What Causes Dizziness and Nausea?


Dizziness and nausea can be caused by various factors, and the combination of these symptoms may indicate different underlying conditions. Some common causes of dizziness and nausea include:

  • Inner Ear Disorders:
    • Vertigo: Conditions affecting the inner ear, such as benign paroxysmal positional vertigo (BPPV), vestibular neuritis, or Meniere’s disease, can cause vertigo (a spinning sensation) along with nausea.
  • Motion Sickness:
    • Motion sickness occurs when there is a mismatch between visual input and signals from the inner ear, commonly during travel by car, boat, or plane.
  • Migraines:
    • Migraines can cause severe headaches accompanied by symptoms like dizziness, nausea, and sensitivity to light and sound.
  • Low Blood Sugar (Hypoglycemia):
    • A drop in blood sugar levels, often associated with conditions like diabetes or fasting, can lead to symptoms like dizziness, nausea, and weakness.
  • Dehydration:
    • Insufficient fluid intake or excessive fluid loss (through vomiting, diarrhea, or sweating) can cause dehydration, leading to dizziness and nausea.
  • Anxiety and Stress:
    • Anxiety or high-stress levels can trigger physical symptoms, including dizziness and nausea.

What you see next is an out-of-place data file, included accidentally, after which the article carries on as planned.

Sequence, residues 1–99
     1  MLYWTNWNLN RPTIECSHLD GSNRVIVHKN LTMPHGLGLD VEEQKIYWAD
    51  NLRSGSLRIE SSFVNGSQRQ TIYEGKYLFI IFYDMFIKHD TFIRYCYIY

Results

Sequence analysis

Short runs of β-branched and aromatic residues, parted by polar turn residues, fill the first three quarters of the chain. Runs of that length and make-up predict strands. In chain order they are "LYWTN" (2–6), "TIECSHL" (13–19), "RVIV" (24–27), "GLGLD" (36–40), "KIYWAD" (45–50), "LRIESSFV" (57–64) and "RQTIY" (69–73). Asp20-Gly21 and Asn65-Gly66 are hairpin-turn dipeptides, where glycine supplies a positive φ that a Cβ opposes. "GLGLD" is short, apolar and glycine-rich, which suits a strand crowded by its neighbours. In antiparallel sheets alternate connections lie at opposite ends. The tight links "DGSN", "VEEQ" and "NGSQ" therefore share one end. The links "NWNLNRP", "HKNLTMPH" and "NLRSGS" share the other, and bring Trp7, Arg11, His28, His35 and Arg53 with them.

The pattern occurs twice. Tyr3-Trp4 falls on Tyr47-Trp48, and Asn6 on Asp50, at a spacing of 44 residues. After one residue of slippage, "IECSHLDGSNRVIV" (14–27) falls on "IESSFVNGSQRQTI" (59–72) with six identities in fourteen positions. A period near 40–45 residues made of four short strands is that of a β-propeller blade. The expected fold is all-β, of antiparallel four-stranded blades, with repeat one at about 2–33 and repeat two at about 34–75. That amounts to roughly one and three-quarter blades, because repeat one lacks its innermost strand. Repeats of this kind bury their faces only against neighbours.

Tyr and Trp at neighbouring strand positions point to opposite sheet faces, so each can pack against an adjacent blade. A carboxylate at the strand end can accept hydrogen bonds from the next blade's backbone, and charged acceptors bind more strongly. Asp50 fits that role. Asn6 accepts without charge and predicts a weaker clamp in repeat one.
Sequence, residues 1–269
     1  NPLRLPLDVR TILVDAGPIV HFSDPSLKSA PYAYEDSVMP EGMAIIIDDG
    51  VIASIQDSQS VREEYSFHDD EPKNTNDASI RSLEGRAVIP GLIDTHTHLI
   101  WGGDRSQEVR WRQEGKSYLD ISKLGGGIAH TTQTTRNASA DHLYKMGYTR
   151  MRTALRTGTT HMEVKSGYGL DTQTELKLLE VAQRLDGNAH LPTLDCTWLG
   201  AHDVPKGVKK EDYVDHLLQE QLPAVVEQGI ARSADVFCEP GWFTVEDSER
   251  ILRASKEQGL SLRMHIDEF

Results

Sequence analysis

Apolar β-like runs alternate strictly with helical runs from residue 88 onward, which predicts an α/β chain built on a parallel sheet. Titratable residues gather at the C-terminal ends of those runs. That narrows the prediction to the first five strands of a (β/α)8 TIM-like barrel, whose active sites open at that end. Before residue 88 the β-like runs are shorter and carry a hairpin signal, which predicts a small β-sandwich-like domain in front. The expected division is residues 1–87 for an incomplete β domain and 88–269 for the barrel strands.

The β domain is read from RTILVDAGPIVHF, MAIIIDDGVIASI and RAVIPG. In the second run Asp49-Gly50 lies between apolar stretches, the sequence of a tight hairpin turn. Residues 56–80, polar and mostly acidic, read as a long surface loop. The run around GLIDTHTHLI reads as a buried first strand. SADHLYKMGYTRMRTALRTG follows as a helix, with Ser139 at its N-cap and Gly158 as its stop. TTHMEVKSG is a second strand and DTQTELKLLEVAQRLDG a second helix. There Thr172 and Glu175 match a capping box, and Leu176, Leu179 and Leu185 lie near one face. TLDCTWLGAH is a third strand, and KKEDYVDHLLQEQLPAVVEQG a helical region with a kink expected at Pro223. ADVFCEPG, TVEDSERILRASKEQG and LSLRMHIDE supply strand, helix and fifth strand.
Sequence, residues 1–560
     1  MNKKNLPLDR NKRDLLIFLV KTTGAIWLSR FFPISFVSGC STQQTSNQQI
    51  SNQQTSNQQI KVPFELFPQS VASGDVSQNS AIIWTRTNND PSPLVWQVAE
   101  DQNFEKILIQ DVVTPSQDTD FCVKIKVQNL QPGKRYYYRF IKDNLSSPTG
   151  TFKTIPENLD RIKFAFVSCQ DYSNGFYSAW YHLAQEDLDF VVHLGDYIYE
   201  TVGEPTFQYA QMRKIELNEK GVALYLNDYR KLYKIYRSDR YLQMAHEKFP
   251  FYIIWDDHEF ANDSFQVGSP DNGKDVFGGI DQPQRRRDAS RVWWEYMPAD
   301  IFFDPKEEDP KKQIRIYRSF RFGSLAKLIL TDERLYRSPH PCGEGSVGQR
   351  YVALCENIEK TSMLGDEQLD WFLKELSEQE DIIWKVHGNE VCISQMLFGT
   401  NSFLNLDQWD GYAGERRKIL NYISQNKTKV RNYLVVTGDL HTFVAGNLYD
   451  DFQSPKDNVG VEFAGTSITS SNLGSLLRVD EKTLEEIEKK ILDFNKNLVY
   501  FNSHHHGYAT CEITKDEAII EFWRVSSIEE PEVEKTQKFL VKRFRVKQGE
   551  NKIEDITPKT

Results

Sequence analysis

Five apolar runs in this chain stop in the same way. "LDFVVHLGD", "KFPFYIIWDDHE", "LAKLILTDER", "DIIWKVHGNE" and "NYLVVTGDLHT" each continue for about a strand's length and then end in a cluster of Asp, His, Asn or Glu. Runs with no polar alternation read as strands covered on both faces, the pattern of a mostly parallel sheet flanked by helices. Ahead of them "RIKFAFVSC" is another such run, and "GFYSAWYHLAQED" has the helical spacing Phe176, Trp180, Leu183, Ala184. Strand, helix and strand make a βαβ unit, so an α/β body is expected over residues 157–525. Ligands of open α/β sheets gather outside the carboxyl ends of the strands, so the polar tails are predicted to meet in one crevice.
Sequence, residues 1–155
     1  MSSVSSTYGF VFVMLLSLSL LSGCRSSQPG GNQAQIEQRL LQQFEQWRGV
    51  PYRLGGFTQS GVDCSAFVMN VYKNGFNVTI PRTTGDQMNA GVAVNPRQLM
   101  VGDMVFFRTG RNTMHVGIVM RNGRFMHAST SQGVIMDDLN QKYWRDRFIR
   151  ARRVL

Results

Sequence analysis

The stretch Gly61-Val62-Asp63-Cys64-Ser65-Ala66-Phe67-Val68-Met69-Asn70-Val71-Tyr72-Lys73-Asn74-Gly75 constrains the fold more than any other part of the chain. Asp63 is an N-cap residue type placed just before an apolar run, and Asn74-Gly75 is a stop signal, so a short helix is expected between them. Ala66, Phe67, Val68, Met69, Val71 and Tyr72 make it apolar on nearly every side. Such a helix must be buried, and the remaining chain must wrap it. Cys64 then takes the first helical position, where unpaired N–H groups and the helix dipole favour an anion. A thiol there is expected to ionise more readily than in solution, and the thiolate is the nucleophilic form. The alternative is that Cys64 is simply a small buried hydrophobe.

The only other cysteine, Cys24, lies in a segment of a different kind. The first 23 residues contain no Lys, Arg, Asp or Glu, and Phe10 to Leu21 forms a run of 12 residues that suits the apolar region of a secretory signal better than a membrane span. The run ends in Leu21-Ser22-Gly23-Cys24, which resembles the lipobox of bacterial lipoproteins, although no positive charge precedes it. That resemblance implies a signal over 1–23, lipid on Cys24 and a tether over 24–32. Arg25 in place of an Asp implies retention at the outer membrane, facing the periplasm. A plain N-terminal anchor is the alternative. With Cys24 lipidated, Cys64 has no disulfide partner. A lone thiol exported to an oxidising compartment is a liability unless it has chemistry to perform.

• Infections:
    • Various infections, such as the flu or other viral infections, can cause dizziness and nausea.
  • Medication Side Effects:
    • Some medications may have side effects that include dizziness and nausea.
  • Ear Infections:
    • Infections affecting the ear, especially the inner ear, can disrupt the balance mechanism and lead to dizziness and nausea.
  • Hypotension (Low Blood Pressure):
    • Low blood pressure can result in inadequate blood flow to the brain, leading to dizziness and nausea.
  • Pregnancy:
    • Hormonal changes during pregnancy can cause morning sickness, characterized by nausea and, in some cases, dizziness.
  • Gastrointestinal Issues:
    • Conditions such as gastritis, acid reflux, or other digestive disorders can cause nausea and may be associated with dizziness.
  • Medication Withdrawal:
    • Abrupt discontinuation of certain medications or substances, such as alcohol or drugs, can cause withdrawal symptoms, including dizziness and nausea.

If dizziness and nausea are severe, persistent, or accompanied by other concerning symptoms such as chest pain, difficulty breathing, or confusion, it is important to seek medical attention promptly. A healthcare professional can conduct a thorough evaluation, including a medical history and physical examination, to determine the underlying cause and recommend appropriate treatment or intervention.

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